Encyclopedia Astronautica
Gemini LOR

Gemini Docks with LM
Gemini rendezvous above lunar surface with open cockpit Lunar Module after first lunar landing in 1966
Credit: © Mark Wade
Gemini for lunar landing with Centaur and Langley open cockpit Lunar Module
Credit: © Mark Wade
American manned lunar lander. Study 1961. Original Mercury Mark II proposal foresaw a Gemini capsule and a single-crew open cockpit lunar lander undertaking a lunar orbit rendezvous mission, launched by a Titan C-3.

In September 1961 NASA's James Chamberlin came up with a plan to use a Gemini capsule to land two men on the moon and return them safely to earth at a cost 1/20 of that of the Apollo project. The key was the use of the technique of lunar orbit rendezvous and a bare-bones, open cockpit lunar module. This would weigh 4,372 kg in the storable propellant version or 3,284 kg in the cryogenic Lox/LH2 version (calculated propellant loads 3,500 kg and 2,200 kg, respectively). The total mass to be injected into an escape trajectory toward the moon would be no more than 13,000 kg, one fifth of the 68,000 kg planned for the Nova-boosted direct-lunar landing approach favored at that time. At this mass, instead of Nova, a Saturn C-3 launch vehicle could be used. The Gemini flight schedule would have been delayed by a year in order to develop a more capable spacecraft. However by launching every 45 days instead of every 60 days Gemini would still put an American on the moon by January 1966:

Titan 2 Launches
Mar 1964 Gemini 1Unmanned orbital
May 1964 Gemini 2Manned orbital
Jun 1964 Gemini 37-day manned orbital
Aug 1964 Gemini 414-day manned orbital
Sep 1964 Gemini 5Agena docking
Nov 1964 Gemini 6Agena docking
Dec 1964 Gemini 7Agena docking
Feb 1965 Gemini 8Centaur docking, boost to high Earth orbit
Mar 1965 Gemini 9Centaur docking, boost to high Earth orbit
May 1965 Gemini 10LM docking
Jun 1965 Gemini 11LM docking
Jul 1965 Gemini 12LM docking
Sep 1965 Gemini 13Centaur docking, boost to Lunar flyby
Oct 1965 Gemini 14Centaur docking, boost to Lunar flyby
Saturn C-3 Launches
Nov 1965 Gemini 15Manned Lunar orbital
Jan 1966 Gemini 16Manned Lunar landing

The lunar module would have been launched separately by Titan II for the three Earth orbital docking missions. This moon landing project was projected to cost $ 584 million 'plus the cost of two Saturn C-3's'.

Chamberlin was actually the first member of the Space Task Group (STG) to advocate lunar orbit rendezvous (LOR) as a method for reaching the moon. Earlier efforts through 1960 and 1961 by Robert Hoboult and other engineers at Langley to interest STG in the method had been seen as the impractical musings of theorists. Chamberlin and McDonnell Aircraft did not fall in this category. They saw clearly that separating the re-entry and lunar landing functions allowed optimized spacecraft designs for each role, and solved many of the intractable engineering problems the direct-ascent advocates were struggling with.

Chamberlin made one last effort at the end of September to interest STG in including lunar Gemini as part of an "Integrated Apollo Program". This involved the same flight schedule as advocated earlier, but with the cost estimate now firmed up at $ 706 million (including the Saturn boosters!), and the lunar module mass cut to 1,800 kg. NASA brass still rejected the lunar aspects of the plan, but told STG to go ahead with negotiations with McDonnell, Martin, and Lockheed for the spacecraft and boosters. Chamberlin submitted the revised plan without lunar flights on October 27, and this was approved as the basis for project Gemini.

The actual Gemini project as flown was over a year late to the original optimistic plan. This was due to delays in development of both the Titan 2 launch vehicle and the Gemini paraglider landing system. The pivotal 14-day flight actually came in December 1965 versus January 1964 in the first Mercury Mark II proposal and August 1964 in the September 1961 plan.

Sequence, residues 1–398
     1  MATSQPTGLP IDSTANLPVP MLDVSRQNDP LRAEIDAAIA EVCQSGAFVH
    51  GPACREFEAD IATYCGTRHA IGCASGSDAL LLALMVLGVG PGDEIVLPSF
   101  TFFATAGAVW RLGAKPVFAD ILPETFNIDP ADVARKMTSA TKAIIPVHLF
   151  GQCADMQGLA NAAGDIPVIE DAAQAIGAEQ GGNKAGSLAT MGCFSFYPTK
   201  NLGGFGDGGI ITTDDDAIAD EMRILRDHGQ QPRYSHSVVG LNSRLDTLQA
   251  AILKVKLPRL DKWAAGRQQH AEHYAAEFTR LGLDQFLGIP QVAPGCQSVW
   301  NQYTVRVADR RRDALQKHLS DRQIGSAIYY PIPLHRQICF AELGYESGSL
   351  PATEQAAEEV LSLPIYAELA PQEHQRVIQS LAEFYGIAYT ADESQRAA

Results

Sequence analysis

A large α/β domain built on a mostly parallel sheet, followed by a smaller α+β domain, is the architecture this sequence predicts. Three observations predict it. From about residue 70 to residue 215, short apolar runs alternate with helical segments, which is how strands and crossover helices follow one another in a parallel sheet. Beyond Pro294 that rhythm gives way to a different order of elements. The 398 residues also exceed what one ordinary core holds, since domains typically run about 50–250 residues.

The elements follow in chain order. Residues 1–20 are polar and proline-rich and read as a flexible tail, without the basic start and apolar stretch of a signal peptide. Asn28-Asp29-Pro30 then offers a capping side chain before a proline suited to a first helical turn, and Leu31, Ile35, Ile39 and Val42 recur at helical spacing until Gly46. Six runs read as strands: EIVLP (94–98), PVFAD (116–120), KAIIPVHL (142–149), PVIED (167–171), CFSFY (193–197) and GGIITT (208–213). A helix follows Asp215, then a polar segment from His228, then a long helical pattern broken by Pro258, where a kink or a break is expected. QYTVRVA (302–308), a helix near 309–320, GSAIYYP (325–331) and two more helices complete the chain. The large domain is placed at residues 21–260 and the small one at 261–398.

Apr 1964Gemini 1Unmanned booster orbital test; boilerplate spacecraft.
Jan 1965Gemini 2Unmanned suborbital test of spacecraft
Mar 1965Gemini 3 Manned orbital 
Jun 1965Gemini 44-day manned orbital
Aug 1965Gemini 58-day manned orbital
Dec 1965Gemini 714-day manned orbital
Dec 1965Gemini 6Rendezvous with Gemini 7 (Agena target failed to orbit)
Mar 1966Gemini 8 Agena docking
Jun 1966Gemini 9 Agena docking
Jul 1966Gemini 10 Agena docking
Sep 1966Gemini 11 Agena docking
Nov 1966Gemini 12 Agena docking

It was possible to estimate when Chamberlain's Gemini moon landing would have actually occurred based on the actual delays to Gemini. It must be considered that the time necessary to develop the Saturn C-3 could not have been much less than that actually taken for the C-5 (the final December 1961 C-3B configuration differed from the C-5 only in the propellant loading in each stage and in having three F-1 engines in the first stage as opposed to five in the C-5). Therefore, with perfect hindsight, if Gemini had been selected in lieu of Apollo, the actual final program would have looked about like this:

Titan 2 Launches
Apr 1964Gemini 1Unmanned booster orbital test; boilerplate spacecraft.
Jan 1965Gemini 2Unmanned suborbital test of spacecraft
Mar 1965Gemini 3 Manned orbital 
Jun 1965Gemini 44-day manned orbital
Aug 1965Gemini 58-day manned orbital
Dec 1965Gemini 714-day manned orbital
Dec 1965Gemini 6Rendezvous with Gemini 7 (Agena target failed to orbit)
Mar 1966Gemini 8 Agena docking
Jun 1966Gemini 9 Agena docking
Aug 1966 Gemini 10Centaur docking, boost to high Earth orbit
Oct 1966 Gemini 11Centaur docking, boost to high Earth orbit
Nov 1966 Gemini 12LM docking
Jan 1967 Gemini 13LM docking
Feb 1967 Gemini 14LM docking
Mar 1967 Gemini 15Centaur docking, boost to Lunar flyby
Apr 1967Gemini 16Centaur docking, boost to Lunar flyby
Saturn C-3 Launches
Aug 1967 Gemini 17Unmanned test of Saturn C-3
Feb 1968 Gemini 18Unmanned Lunar orbital test
Oct 1968 Gemini 19Manned Lunar orbital
Dec 1968 Gemini 20Manned Lunar landing

So in the end, the first lunar landing would have been moved up by six months at best. There would have been a cost savings, but again analysis of the detailed cost breakdowns for Apollo indicate the savings would have been on the order of 'only' $ 4 billion out of the NASA $ 18 billion project share. So in retrospect it would seem that NASA's management was correct, for the Apollo missions flown were much more capable than a Gemini-based approach would have been.